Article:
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The fable of the tortoise and the hare. (james steidl/Getty Images/iStockphoto)
The fable of the tortoise and the hare. (james steidl/Getty Images/iStockphoto)

managing books

The real reason the tortoise beat the hare Add to ...

Tuesday Morning Coaching

By David Cottrell

(McGraw-Hill, 148 pages, $24.95)

We all know the moral of the fable about the tortoise and the hare – perseverance beats speed. But Dallas-based executive coach David Cottrell believes another important lesson can be drawn from the ancient tale.

After all, if the hare had run straight to the finish line, it would have won. Perseverance would not have beaten speed in that case. But the hare was so consumed with its talent that it forgot to use that gift, diverted by the prospect of a soothing nap. The tortoise never got distracted: It focused on the finish line.

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“Successful people are not distracted by their success. They are focused on mastering a combination of several simple truths that – put together – create ongoing success,” Mr. Cottrell writes in Tuesday Morning Coaching.

The book is written in fable form, fiction with a message for business leaders, so those words come from Jeff Walters, an imaginary executive coach telling the story of his successful work with a burned-out executive who wants to reboot. They agree to meet every Tuesday morning for two months, at which eight approaches to getting out of the rut are shared and implemented:

1. Keep going, no matter what

Successful people accept responsibility and, like the tortoise, move on regardless. They expect distractions and obstacles to pop up, and make good choices to continue moving forward. They aren’t like a passenger in a car, looking around at the scenery, but instead like the driver, in control, focused intently on the road. “Success is not about luck or the economy. It’s about making a conscious choice that No Matter What, you will keep moving forward to your goals,” he writes.

2. Go the extra distance

Successful people do a little more than everyone else – they do what’s required, and then some extra. A sales person who commits to making one extra call a day above the norm makes about 250 extra calls in a year; if 20 per cent were to lead to customers, that translates into 50 extra clients. Successful people provide extra services – something unexpected that develops committed customers. They go the extra mile.

3. Stick to your word

Successful people do what they say they will. If they commit to something, you can consider it done. And done completely – no half measures – consistently. That integrity is central to their character. They have integrity, doing what’s right, regardless of the circumstances.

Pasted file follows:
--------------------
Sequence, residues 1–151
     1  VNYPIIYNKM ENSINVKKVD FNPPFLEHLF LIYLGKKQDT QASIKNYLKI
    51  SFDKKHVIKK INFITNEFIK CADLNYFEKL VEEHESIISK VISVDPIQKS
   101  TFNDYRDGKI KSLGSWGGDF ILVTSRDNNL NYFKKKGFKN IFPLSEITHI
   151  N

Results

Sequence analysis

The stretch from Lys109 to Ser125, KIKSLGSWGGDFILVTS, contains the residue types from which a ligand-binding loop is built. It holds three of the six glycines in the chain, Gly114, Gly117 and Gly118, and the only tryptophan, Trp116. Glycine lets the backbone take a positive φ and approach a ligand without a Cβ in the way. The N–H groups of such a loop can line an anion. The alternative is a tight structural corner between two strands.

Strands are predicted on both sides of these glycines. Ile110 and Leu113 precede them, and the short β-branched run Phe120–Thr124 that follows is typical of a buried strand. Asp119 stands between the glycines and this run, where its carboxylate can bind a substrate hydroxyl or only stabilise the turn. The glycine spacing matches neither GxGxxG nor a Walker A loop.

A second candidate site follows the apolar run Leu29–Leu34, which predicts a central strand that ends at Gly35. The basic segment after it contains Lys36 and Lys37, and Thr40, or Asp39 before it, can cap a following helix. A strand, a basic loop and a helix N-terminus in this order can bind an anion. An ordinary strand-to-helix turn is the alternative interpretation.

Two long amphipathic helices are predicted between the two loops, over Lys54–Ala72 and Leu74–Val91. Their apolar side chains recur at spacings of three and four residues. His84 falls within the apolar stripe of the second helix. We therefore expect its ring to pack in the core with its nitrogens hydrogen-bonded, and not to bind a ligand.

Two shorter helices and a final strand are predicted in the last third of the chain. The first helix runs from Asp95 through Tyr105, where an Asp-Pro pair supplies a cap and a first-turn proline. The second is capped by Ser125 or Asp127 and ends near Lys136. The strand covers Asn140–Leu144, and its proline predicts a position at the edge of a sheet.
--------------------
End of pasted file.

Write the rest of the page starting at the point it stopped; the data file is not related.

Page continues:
4. Go all in

Complacency is the root of mediocrity. Successful people know what is important in their life – what they value above all else – and make achieving those values and goals non-negotiable. When they make a commitment, they are “all in” – they don’t stop halfway through, leaving a problem unsettled. They move from one opportunity to another, always creating the next “above all else.”

5. Learn from failure

Successful people fail. Not everything they touch is golden. But when they stumble, they pick themselves up and move forward. They pledge from now on not to make the same mistake again and to learn from adversity. “I’ve found that many people are reluctant to learn from the past and move forward. Instead, they’re more interested in justifying why the situation is the way it is rather than making the situation better,” he writes. “It’s no secret that success rarely happens on the first try. It usually happens after trial and error, learning from those mistakes, prolonged effort and moving forward.”

6. See it, feel it, trust it, do it

To accomplish goals, you must see what you want to accomplish, feel within yourself the result of the action, trust what you are doing is the right thing, and then implement the plan. It’s like a golfer, imagining the perfect shot he or she wants to hit. Like that golfer, you should not focus on the negative (the water hazard, say), but rather on the middle of the fairway where your ball will safely land.

7. Focus inside your boat

Just as Olympic rowers ignore rain, strong winds or choppy waters because that’s outside their boat, you need to focus on the things you can control. In terms of time management, this means accepting that you can’t really manage time but you can manage your attention. Say no to low-priority items so you can focus on the truly important stuff.

8. Knowledge is power

The more you learn, the better your decisions will be and the greater your success. Remember, knowledge won’t come looking for you. You need to seek it out.

In the book, the formula works and the man being coached becomes reinvigorated at work, gets his marriage on track, and brings his golf handicap down. The author’s idea of eight simple truths make sense, and may help reorient you to new directions.

 

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